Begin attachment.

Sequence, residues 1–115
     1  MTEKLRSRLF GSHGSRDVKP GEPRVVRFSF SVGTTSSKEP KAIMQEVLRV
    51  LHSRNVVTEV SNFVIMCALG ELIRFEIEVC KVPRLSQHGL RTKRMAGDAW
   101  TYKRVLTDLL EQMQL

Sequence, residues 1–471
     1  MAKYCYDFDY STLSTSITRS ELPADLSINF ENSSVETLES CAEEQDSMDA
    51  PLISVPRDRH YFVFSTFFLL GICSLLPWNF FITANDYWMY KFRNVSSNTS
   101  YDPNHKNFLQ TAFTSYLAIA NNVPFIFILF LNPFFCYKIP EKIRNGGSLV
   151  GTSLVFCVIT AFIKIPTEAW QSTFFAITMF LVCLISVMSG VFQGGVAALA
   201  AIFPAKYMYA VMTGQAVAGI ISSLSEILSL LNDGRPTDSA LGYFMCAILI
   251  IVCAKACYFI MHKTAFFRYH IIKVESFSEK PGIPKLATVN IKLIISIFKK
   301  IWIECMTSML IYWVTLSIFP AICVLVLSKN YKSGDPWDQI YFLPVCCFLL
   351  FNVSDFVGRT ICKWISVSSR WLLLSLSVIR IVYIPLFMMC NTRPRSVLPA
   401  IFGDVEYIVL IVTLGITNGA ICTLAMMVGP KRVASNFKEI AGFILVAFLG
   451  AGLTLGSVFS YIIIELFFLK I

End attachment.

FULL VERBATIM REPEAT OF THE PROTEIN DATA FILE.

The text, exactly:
Sequence, residues 1–115
     1  MTEKLRSRLF GSHGSRDVKP GEPRVVRFSF SVGTTSSKEP KAIMQEVLRV
    51  LHSRNVVTEV SNFVIMCALG ELIRFEIEVC KVPRLSQHGL RTKRMAGDAW
   101  TYKRVLTDLL EQMQL

Sequence, residues 1–471
     1  MAKYCYDFDY STLSTSITRS ELPADLSINF ENSSVETLES CAEEQDSMDA
    51  PLISVPRDRH YFVFSTFFLL GICSLLPWNF FITANDYWMY KFRNVSSNTS
   101  YDPNHKNFLQ TAFTSYLAIA NNVPFIFILF LNPFFCYKIP EKIRNGGSLV
   151  GTSLVFCVIT AFIKIPTEAW QSTFFAITMF LVCLISVMSG VFQGGVAALA
   201  AIFPAKYMYA VMTGQAVAGI ISSLSEILSL LNDGRPTDSA LGYFMCAILI
   251  IVCAKACYFI MHKTAFFRYH IIKVESFSEK PGIPKLATVN IKLIISIFKK
   301  IWIECMTSML IYWVTLSIFP AICVLVLSKN YKSGDPWDQI YFLPVCCFLL
   351  FNVSDFVGRT ICKWISVSSR WLLLSLSVIR IVYIPLFMMC NTRPRSVLPA
   401  IFGDVEYIVL IVTLGITNGA ICTLAMMVGP KRVASNFKEI AGFILVAFLG
   451  AGLTLGSVFS YIIIELFFLK I